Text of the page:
Ākāśagarbha

Ākāśagarbha statue in Jingoji, 9th century

Ākāśagarbha Bodhisattva (Sanskrit: आकाशगर्भ बोधिसत्त्व; traditional Chinese: 虛空藏菩薩; pinyin: Xūkōngzàng Púsà; Korean: 허공장보살; Japanese: Kokūzō Bosatsu; Tibetan: Namkhai Nyingpo) is a Mahāyāna bodhisattva who is associated with the great element (mahābhūta) of space (ākāśa).

Overview

Painting of Ākāśagarbha Bodhisattva. Japan, 13th century

Ākāśagarbha is regarded[who?] as one of the eight great bodhisattvas. His name can be translated as "boundless space treasury" or "void store" as his wisdom is said to be boundless as space itself. He is sometimes known as the twin brother of the "earth store" bodhisattva Kṣitigarbha, and is even briefly mentioned in the Kṣitigarbha Bodhisattva Pūrvapraṇidhāna Sūtra.

Kūkai, the founder of Shingon Buddhism, met a famous monk who is said to have repeatedly chanted a mantra of Ākāśagarbha as a young Buddhist acolyte. Kūkai took a tutorial with him on Kokuzou-Gumonji (a secret doctorine method, 虚空蔵求聞持法).[1] As he chanted the mantra, he experienced a vision whereby Ākāśagarbha told him to go to China to seek understanding of the Mahāvairocana Abhisaṃbodhi Sūtra.[2] Later he would go to China to learn Esoteric Buddhism from Huiguo, and then go on to found the Shingon school in Japan.

Sūtras

Two Mahāyāna sūtras are known to survive in which Ākāśagarbha Bodhisattva is a central figure:

Additionally, he appears briefly in the final chapter of the Earth Store Bodhisattva Sutra, requesting that the Buddha preach on the benefits of praising that sutra, and of Ksitigarbha.[3]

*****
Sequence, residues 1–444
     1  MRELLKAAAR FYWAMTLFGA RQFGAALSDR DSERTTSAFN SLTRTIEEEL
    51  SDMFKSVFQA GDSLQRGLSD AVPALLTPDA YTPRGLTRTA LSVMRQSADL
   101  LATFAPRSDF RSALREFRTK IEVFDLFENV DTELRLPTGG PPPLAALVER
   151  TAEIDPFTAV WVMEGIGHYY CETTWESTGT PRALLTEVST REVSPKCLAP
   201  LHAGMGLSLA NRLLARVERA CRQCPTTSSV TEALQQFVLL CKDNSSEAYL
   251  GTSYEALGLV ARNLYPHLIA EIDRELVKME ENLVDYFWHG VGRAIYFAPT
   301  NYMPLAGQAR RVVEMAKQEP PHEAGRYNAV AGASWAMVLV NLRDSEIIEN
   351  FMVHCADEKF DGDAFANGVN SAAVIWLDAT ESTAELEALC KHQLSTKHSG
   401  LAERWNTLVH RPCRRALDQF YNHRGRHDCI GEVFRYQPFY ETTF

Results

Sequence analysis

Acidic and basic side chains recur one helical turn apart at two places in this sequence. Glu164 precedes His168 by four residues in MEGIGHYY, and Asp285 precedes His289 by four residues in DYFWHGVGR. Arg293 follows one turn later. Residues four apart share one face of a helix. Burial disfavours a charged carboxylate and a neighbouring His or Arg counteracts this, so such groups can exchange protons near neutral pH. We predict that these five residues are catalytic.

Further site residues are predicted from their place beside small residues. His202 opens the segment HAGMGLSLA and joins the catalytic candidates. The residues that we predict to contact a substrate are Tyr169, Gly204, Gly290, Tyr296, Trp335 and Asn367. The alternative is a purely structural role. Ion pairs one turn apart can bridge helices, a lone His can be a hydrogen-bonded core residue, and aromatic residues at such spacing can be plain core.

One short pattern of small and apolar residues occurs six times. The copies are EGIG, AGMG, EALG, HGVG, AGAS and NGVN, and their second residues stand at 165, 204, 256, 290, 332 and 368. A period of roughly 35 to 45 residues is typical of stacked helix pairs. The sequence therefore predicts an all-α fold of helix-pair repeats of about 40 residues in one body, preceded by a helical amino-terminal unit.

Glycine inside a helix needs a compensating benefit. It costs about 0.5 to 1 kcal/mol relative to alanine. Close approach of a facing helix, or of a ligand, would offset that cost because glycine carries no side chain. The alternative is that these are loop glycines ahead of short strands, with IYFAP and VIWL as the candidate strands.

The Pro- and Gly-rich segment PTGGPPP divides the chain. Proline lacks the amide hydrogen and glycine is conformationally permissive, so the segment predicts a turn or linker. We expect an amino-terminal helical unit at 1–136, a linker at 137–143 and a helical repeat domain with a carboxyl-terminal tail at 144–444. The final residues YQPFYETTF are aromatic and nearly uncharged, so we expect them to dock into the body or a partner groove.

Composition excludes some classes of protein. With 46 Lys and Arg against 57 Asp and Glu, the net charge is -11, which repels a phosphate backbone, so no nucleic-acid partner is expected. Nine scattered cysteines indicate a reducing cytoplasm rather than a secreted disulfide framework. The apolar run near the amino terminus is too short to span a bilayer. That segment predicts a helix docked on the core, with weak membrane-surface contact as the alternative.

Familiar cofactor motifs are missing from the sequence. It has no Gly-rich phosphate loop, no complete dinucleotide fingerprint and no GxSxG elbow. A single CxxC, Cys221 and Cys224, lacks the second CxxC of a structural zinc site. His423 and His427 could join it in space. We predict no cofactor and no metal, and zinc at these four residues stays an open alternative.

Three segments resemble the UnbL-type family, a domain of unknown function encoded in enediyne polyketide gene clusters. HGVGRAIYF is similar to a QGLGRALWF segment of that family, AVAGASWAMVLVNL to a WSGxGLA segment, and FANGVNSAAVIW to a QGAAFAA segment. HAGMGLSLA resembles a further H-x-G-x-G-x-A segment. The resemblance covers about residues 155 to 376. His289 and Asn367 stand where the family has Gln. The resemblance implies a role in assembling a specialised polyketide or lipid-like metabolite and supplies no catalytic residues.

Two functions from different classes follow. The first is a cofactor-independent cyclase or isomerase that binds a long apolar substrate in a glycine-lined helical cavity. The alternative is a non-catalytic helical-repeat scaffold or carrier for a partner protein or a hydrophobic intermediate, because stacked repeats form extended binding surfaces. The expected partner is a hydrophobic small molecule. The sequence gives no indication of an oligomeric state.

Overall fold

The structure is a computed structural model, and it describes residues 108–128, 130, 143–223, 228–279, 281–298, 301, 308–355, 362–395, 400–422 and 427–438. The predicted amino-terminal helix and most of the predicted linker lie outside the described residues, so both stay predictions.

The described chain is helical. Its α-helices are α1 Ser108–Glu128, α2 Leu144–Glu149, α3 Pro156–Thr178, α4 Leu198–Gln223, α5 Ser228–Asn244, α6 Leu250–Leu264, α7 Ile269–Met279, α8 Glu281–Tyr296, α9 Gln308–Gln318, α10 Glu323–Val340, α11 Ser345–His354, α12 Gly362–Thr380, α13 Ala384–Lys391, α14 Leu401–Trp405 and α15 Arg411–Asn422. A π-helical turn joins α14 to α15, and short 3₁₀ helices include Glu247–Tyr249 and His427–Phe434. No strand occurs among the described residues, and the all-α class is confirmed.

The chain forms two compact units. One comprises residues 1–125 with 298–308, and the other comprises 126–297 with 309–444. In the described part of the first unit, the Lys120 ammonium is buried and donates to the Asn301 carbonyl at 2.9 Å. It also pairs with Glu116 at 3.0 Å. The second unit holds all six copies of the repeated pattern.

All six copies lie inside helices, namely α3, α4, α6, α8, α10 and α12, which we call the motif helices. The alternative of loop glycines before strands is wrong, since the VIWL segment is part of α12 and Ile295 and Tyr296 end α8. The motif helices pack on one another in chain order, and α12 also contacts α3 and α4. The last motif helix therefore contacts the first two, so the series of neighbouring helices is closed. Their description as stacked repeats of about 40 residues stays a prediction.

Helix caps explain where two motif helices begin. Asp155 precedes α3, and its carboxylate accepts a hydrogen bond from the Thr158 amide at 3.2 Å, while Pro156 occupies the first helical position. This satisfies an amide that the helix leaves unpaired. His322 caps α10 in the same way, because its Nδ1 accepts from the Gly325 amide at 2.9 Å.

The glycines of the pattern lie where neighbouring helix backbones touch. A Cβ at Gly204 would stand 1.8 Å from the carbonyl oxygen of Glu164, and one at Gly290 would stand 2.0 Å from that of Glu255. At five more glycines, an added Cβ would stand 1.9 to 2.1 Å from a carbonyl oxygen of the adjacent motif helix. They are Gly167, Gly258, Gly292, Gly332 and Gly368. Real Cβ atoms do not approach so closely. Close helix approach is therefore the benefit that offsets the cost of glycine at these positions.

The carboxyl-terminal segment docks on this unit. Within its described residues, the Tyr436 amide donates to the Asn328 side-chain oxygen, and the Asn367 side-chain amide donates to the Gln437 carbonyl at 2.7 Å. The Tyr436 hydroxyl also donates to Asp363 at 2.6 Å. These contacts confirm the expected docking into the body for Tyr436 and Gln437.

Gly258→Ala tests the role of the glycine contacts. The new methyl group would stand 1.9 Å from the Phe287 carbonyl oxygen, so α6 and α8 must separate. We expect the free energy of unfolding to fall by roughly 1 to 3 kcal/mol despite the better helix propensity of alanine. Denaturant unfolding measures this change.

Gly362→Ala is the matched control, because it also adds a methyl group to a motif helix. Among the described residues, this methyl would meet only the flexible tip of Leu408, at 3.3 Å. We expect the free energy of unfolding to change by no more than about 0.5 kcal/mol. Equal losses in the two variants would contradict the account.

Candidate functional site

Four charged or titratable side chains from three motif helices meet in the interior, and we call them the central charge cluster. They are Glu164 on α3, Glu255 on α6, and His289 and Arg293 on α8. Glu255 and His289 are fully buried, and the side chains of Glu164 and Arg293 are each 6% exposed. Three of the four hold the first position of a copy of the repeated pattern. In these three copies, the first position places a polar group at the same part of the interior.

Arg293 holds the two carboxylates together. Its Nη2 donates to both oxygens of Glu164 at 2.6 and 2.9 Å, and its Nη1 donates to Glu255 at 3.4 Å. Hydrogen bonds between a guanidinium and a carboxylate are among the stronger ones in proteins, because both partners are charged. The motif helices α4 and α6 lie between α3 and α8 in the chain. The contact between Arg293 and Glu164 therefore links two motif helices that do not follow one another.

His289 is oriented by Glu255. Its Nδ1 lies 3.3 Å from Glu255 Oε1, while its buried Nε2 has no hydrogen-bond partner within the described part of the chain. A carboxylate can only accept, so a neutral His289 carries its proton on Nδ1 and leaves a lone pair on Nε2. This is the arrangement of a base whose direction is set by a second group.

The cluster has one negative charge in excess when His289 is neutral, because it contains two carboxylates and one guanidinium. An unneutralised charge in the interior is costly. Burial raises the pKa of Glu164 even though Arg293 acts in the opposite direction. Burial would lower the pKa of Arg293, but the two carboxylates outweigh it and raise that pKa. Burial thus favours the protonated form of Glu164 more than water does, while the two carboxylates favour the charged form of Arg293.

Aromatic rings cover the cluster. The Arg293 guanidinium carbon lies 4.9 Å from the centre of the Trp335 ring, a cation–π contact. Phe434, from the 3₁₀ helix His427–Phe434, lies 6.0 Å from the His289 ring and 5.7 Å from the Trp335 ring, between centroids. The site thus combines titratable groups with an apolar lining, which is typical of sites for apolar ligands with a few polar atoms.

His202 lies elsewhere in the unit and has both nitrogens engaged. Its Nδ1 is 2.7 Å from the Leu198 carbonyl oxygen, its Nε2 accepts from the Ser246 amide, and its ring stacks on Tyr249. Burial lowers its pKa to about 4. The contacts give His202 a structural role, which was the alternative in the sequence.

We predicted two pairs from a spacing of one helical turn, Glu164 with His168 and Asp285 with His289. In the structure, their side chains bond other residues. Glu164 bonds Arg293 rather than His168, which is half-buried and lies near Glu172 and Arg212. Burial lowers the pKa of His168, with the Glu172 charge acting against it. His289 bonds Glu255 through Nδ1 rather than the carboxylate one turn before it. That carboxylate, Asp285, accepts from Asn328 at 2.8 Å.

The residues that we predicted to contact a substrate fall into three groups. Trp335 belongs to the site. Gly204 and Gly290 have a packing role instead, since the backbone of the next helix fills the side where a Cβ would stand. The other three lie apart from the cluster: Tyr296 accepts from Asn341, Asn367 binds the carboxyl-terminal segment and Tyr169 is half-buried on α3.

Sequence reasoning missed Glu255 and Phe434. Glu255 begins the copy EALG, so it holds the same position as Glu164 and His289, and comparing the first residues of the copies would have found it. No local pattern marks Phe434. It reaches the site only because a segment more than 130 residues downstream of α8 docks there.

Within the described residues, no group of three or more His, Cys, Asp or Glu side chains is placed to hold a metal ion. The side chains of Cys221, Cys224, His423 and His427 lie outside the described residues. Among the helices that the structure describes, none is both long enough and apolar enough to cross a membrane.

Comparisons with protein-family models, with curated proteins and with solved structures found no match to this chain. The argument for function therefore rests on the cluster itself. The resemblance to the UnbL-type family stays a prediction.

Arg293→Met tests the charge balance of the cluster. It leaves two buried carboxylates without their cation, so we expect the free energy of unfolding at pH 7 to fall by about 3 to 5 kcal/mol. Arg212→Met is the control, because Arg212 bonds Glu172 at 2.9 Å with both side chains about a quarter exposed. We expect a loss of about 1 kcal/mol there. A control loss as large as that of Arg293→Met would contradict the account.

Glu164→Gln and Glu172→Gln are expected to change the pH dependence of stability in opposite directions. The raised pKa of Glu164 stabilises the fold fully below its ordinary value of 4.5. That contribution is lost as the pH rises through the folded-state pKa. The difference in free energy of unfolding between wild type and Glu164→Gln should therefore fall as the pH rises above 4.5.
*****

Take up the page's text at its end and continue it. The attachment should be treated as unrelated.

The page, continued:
Mantras

The mantra of Ākāśagarbha is popularly used by Shingon Buddhists, Chinese Buddhists following esoteric practices, and by artists. It is believed to give rise to wisdom and creativity, and dispel ignorance.[4]

Another mantra also exists for Ākāśagarbha Bodhisattva:

Tantric rituals surrounding Ākāśagarbha are only given to students initiated in esoteric Buddhist lineages by an approved teacher.[citation needed] Currently the Chinese (Hanmi) Esoteric School is teaching his tantric ritual to the general public.[citation needed]

See also

Literature

Visser, M. W. de. The Bodhisattva Akasagarbha (Kokuzo) in China and Japan, Amsterdam: The Royal Dutch Academy of Sciences, 1931.

References

  1. ^ Koya-san Fudoin 高野山不動院
  2. ^ Abe, Ryuichi (1999). The Weaving of Mantra: Kukai and the Construction of Esoteric Buddhist Discourse. Columbia University Press. p. 74. ISBN 0-231-11286-6. 
  3. ^ Shih, Tao-tsi. The Sutra of Bodhisattva Ksitigarbha's Fundamental Vows (2nd ed.). Sutra Translation Committee of the United States and Canada. pp. 89–93. 
  4. ^ The Heart of the Buddha's Teaching by Thich Nhat Hanh

External links